3 Privacy Pitfalls of Telehealth and 4 Best Security Practices
The COVID-19 pandemic has made online communication and digital infrastructure even more vital and potentially life-saving. Preventing the spread of the disease through social distancing means more patients than ever are keeping in touch with doctors and other health specialists over the internet.
Telehealth is nothing new, but the significant uptick in usage amplifies both its importance and potential drawbacks. This post is about some of the security pitfalls of services like these and provides the best practices users and providers must begin using to keep each other safe.
1. Social Engineering Campaigns
The Better Business Bureau has reported rising numbers of hackers posing as Department of Health and Human Services (DHS) workers. These scams involve “health care workers” promising “free” or “mandatory” online testing for COVID-19 or even “financial relief” for health insurance customers. Customers may be prompted to hand over personal information or follow a link, which usually contains an installation file for malware or spyware.
To fight social engineering attempts, health care providers must be clear with customers about the methods they’ll use to get in touch such as dedicated patient portal apps. And if customers receive a suspicious call or text message, they should hang up and then use their provider’s official number to verify whether the call or message was legitimate.
2. IoT-Based DDoS Attacks
Patients who cannot physically travel to a doctor’s office, as well as people who are not ill currently but remain at a heightened risk of illness are making increased use of remote monitoring devices. They use these tools to track their vital signs, alert medical staff, and watch for emerging symptoms of illness.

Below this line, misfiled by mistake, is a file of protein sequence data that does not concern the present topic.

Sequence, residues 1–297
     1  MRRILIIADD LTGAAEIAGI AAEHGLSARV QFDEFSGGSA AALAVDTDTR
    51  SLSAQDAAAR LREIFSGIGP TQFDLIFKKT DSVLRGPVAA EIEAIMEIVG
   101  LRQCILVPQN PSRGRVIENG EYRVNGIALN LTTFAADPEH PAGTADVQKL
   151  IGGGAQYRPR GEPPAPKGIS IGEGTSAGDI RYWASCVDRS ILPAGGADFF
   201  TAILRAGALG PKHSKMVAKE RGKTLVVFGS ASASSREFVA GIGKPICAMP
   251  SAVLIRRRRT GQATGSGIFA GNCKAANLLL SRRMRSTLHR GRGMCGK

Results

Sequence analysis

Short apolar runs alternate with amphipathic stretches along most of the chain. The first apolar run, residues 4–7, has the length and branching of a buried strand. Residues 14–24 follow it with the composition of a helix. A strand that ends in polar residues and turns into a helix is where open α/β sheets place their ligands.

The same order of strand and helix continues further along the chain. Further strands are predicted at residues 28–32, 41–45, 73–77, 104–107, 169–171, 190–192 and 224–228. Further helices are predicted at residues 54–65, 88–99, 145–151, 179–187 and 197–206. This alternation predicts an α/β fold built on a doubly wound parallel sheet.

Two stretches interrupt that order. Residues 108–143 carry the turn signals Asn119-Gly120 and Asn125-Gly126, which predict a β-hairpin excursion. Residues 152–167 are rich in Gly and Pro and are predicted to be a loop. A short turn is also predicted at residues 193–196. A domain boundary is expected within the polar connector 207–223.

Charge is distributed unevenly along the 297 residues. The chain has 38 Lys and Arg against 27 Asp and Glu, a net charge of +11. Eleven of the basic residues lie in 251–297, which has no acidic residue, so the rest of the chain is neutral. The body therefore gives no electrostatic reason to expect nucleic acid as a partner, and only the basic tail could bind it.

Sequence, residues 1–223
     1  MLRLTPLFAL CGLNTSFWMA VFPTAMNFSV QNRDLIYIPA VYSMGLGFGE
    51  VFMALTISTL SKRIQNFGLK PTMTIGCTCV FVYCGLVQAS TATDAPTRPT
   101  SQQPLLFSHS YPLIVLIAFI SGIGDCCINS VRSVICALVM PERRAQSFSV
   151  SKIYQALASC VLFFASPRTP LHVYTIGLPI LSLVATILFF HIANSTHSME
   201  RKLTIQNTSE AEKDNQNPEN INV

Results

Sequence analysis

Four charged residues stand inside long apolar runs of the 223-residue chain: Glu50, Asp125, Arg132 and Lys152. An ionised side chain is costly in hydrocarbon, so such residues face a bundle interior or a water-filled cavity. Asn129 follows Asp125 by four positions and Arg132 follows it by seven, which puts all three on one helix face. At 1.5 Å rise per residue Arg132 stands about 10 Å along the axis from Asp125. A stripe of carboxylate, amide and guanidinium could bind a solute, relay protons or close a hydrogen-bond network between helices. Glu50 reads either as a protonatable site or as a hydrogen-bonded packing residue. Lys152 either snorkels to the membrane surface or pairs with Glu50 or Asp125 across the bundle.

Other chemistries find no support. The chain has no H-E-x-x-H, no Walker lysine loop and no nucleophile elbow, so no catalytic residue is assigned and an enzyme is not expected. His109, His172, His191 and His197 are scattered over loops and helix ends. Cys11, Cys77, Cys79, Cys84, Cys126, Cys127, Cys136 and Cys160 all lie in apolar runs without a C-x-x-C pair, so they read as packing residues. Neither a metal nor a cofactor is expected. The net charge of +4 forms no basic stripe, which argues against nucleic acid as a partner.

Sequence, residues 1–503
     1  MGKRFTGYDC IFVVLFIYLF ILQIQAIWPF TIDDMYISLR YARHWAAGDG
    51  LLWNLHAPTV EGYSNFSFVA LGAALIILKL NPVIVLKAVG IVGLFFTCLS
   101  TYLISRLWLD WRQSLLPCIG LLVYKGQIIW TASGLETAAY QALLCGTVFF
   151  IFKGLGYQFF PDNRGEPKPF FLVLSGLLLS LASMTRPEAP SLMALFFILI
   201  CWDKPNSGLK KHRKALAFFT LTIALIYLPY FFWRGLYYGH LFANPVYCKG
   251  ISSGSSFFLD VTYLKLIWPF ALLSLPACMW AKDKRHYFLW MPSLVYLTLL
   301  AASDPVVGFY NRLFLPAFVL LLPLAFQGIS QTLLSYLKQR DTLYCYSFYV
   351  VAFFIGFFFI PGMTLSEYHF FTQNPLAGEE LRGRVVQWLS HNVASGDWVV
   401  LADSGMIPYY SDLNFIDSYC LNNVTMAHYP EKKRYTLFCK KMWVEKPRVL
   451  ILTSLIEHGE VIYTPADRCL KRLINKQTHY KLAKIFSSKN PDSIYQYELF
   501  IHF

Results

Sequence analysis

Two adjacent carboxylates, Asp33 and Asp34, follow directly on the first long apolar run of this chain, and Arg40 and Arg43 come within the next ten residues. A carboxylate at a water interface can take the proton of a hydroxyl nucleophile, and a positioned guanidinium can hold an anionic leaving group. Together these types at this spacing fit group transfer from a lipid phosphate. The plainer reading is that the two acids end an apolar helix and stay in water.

This phenomenon raises worries about Distributed Denial of Services (DDoS) attacks on providers. DDoS attacks involve bad actors hijacking networks of internet-connected devices and using them to overwhelm the digital infrastructure of a health care provider. The downtime continues until they pay a ransom to restore connectivity.
Before a health care organization begins using IoT devices to provide remote services, they must be sure the tools were built in compliance with leading software and hardware security standards. Providers’ IT departments can familiarize themselves with guidance from the Internet Engineering Task Force as well as the National Institute of Standards and Technology.
3. Data Loss and a Lack of Disaster Protection
There is a reason why health care privacy laws require comprehensive data backup protocols for health care providers. But even with these requirements, some providers still experience huge setbacks and public embarrassment in the form of data loss. These situations can be caused by natural disasters as well as data ransom campaigns.